Had the privilege last night of viewing an almost-completed documentary by J-School student Jigar Mehta on the problem of endemic slavery in Mauritania, where light-skinned Moors have for centuries been enslaving sub-Saharan blacks. Although the government of Mauritania has decreed slavery illegal three times in the past twenty years, it turn a systemic blind eye, chases out journalists, and has even abolished the word “slave” from the vocabulary.
The problem is made more complex by the fact that Mauritania is so poverty-stricken that many slaves feel they’re economically better off being owned than being on their own — freed slaves have been known to return voluntarily to their masters (some masters are abusive, others relatively “civilized,” apparently). And it’s culturally and religiously embedded: Children born into slavery are taught that their enslavement is part of their duty to God.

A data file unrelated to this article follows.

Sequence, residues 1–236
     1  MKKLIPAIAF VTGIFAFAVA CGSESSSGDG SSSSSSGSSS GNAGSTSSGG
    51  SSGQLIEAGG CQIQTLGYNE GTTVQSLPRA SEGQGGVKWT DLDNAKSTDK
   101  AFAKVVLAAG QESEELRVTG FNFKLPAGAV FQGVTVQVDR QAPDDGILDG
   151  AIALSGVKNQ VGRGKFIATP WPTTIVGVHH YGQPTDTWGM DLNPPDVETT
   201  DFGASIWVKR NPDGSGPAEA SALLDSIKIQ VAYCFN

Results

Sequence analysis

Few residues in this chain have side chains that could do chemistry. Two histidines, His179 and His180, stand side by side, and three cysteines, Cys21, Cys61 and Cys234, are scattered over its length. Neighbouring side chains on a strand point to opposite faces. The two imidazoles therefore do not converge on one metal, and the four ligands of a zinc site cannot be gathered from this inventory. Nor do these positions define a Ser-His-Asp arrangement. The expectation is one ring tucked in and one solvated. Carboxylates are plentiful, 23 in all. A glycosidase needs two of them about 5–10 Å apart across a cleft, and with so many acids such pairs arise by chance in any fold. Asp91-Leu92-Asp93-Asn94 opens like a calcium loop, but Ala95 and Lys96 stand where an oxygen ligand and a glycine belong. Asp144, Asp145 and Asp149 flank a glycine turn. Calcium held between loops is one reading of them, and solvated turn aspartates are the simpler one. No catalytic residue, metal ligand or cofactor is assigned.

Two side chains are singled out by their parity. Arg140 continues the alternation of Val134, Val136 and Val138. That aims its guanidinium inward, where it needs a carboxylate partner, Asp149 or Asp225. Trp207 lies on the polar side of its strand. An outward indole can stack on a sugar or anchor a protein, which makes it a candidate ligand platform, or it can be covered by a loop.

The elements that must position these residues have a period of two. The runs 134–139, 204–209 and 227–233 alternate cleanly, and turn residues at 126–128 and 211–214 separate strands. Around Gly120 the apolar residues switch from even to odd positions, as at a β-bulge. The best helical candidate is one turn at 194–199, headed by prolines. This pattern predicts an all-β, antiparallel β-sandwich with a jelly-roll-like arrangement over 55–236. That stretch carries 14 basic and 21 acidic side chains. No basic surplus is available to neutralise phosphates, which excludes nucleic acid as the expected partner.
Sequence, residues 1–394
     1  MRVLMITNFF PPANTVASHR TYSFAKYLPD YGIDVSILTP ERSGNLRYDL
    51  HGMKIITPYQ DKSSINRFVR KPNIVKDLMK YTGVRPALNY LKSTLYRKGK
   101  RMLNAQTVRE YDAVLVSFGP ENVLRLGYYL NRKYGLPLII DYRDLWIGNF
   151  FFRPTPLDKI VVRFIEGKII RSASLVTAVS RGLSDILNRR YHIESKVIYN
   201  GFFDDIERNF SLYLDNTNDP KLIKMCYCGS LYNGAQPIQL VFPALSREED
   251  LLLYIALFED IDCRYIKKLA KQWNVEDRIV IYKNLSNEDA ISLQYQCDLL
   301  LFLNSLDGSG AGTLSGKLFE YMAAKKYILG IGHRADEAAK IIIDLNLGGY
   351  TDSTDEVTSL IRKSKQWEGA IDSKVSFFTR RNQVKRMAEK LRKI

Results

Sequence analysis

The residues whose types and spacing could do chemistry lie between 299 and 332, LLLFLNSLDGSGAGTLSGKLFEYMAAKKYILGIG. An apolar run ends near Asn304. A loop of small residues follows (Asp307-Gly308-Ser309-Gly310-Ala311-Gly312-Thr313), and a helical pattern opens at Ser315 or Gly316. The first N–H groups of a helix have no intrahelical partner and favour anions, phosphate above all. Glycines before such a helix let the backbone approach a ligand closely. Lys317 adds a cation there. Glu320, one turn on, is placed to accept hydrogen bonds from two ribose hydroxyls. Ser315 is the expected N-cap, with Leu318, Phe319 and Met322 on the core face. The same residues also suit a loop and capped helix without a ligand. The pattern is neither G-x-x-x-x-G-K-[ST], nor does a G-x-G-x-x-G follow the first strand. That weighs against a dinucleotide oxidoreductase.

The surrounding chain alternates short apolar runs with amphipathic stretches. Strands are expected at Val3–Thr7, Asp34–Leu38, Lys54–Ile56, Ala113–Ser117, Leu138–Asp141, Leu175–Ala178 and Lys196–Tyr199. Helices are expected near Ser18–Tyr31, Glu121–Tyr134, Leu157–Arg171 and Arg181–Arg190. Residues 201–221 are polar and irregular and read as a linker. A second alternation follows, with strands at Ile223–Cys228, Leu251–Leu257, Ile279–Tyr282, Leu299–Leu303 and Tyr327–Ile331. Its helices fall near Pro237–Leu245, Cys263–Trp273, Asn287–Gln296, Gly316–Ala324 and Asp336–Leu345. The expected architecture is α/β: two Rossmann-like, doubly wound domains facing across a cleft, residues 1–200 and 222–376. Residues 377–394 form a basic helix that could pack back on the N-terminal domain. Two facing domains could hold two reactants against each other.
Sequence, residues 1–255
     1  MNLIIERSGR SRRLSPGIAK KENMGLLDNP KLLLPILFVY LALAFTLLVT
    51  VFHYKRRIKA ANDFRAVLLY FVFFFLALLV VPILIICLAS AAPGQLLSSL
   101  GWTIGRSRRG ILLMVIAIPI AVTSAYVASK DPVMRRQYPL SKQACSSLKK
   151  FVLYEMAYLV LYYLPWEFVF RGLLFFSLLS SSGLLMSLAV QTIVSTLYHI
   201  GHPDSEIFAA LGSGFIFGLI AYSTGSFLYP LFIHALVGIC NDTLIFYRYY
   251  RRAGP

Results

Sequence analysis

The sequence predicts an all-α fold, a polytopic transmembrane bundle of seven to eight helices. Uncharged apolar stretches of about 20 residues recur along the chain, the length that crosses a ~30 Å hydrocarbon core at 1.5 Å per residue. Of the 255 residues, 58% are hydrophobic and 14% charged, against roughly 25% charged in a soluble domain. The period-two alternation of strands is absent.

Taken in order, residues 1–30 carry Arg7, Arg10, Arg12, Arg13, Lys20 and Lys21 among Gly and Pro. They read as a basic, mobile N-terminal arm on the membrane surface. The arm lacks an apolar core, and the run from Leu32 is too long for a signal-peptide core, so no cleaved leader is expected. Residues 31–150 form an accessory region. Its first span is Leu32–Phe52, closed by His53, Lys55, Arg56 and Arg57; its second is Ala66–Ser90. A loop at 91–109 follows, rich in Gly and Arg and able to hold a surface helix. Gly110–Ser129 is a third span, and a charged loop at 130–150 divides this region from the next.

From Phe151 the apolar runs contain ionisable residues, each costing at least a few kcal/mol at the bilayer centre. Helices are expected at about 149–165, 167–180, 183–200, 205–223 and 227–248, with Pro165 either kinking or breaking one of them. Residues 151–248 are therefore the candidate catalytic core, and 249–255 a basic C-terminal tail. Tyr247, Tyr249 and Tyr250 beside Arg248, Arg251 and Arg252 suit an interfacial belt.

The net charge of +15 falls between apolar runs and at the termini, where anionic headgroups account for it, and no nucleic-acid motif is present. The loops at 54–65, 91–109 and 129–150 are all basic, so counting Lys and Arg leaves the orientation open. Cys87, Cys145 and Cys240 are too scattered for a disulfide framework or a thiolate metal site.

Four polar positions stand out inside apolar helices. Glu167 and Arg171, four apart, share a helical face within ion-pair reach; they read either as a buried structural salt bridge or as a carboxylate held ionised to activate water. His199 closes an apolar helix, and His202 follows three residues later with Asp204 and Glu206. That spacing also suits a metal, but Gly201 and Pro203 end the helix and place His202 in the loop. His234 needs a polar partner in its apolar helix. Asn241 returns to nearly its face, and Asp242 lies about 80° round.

Another interesting twist: Although the country was until recently a vocal critic of the United States, the discovery of oil and the recent installation of drilling rigs off the Mauritanian coast (expected to double the country’s GNP) has coincided with them suddenly turning against Saddam Hussein, switching their official state position to pro-Israel, etc.
A Mauritanian slavery watch group, working underground to document details on tens of thousands of slaves (and in some cases freeing them), has produced a report which was recently accepted by the U.N.’s human rights watch group.
Mehta’s documentary, which is exceptionally well-produced, is not yet available for public viewing. Will post again when it is. Here’s a 2001 NPR story on the subject.